My political philopsophy is libertarian, but that doesn’t label my beliefs either. It just states that you can live your life as you wish provided it doesn’t stop someone else from living their life as they wish.

    In my own personal life, I am much more of a traditionalist with regard to family and behavior. Most people assume that I am a Christian and a conservative, because that’s what they mostly are here in the American Bible Belt. I look and act the part, so therefore I must be one.

    Just because I live that way, does not mean I judge how you live though. I have friends that march to all sorts of different drums. My only judgement is that they are rational and generally intelligent.

  8. To me, it’s not exactly like someone saying “What’s your hobby?” and me answering “I don’t collect stamps.” It’s like someone saying “What’s your hobby?” and me answering “I don’t have a hobby.”

    I agree with those of you who have commented about the usefulness of some of these terms as additional descriptors, as in, “I’m an atheist humanist.” My intention was primarily to address the times I see atheists using these terms as substitutes, as synonyms, as though we’re not theists but what we really are is humanists (or whatever). Some of us are not humanists. Or, humanist is not really an answer to the question. (Like someone saying “What’s your hobby?” and me answering, “I’m less than seven feet tall.” I mean, true, but….)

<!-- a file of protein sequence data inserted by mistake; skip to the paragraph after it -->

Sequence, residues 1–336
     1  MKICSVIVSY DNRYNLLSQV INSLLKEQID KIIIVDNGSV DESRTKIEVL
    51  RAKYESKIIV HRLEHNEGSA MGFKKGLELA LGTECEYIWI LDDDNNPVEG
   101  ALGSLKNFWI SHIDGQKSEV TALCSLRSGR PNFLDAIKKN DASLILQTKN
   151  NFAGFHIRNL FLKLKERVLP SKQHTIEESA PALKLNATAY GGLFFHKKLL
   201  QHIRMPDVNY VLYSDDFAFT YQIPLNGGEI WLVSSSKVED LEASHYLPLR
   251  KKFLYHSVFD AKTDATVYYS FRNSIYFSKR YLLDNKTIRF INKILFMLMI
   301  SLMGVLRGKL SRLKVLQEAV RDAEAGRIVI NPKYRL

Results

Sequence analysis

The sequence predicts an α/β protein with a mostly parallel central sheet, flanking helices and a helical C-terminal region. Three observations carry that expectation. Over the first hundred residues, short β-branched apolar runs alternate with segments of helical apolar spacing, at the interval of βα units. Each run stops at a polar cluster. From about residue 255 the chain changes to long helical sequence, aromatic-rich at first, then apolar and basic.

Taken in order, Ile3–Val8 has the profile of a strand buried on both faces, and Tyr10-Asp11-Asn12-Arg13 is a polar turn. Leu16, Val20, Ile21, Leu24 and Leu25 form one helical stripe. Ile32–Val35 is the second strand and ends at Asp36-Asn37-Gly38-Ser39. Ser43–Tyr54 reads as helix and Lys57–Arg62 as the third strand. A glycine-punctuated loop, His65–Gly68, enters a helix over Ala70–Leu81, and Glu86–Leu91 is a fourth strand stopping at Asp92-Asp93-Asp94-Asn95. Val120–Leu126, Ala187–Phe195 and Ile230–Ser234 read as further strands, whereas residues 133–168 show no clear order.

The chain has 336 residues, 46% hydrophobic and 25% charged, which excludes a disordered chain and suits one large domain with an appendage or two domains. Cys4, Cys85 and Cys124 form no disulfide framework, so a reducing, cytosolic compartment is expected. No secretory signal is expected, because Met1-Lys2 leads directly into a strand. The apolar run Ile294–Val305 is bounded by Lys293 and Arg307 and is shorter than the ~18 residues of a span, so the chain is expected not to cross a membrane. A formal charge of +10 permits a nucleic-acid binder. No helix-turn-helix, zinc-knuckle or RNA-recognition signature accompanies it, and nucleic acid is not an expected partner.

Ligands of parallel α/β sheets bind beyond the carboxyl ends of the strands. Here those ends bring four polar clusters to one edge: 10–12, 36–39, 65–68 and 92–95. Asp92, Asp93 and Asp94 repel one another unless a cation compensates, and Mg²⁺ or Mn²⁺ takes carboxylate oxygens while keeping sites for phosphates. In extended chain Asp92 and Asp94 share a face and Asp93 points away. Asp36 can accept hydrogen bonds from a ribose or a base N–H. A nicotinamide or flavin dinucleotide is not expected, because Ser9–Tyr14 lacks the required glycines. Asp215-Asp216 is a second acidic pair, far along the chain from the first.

9. I agree. I took this thought and added a bit in my own blog post. Within the realm of politics, I am a libertarian. Within the realm of religion, I am an atheist. It’s generally that simple and I am comfortable with those terms at this point.

    With the regard to government, I expect a secular one.

  10. I agree with much of what is said.
    I am not a humanist. I am sort of close to being a Buddhist but when a Buddhist asks me if I am a Buddhist, I have to qualify. When a theist asks if I believe in God (depending on my patience) I may explore what they mean by that to help them see I believe in mystery, good behavior and self-reflection.
    And likewise, thought “libertarian” often is closest to defining me, it doesn’t depending on the listener.

    Words are silent voluntary contracts between individuals to try and influence and inform each other. They are only tools. We have to remember out goal — not the word, but the influence.

  11. Ubi Dubium

     /  August 3, 2010 at 4:23 pm

    Which word I would use also depends on what the question was that I was responding to.

    If asked “What’s your religion?” I might say “Atheist” or I might say “I don’t have one”.

    If asked “What do you believe in?” then I might answer that I’m a Humanist.

    And if I’m asked “Do you think creationism should be taught inpublic school?” then I would have to say “I’m Pastafarian”. It really depends on the context of the conversation.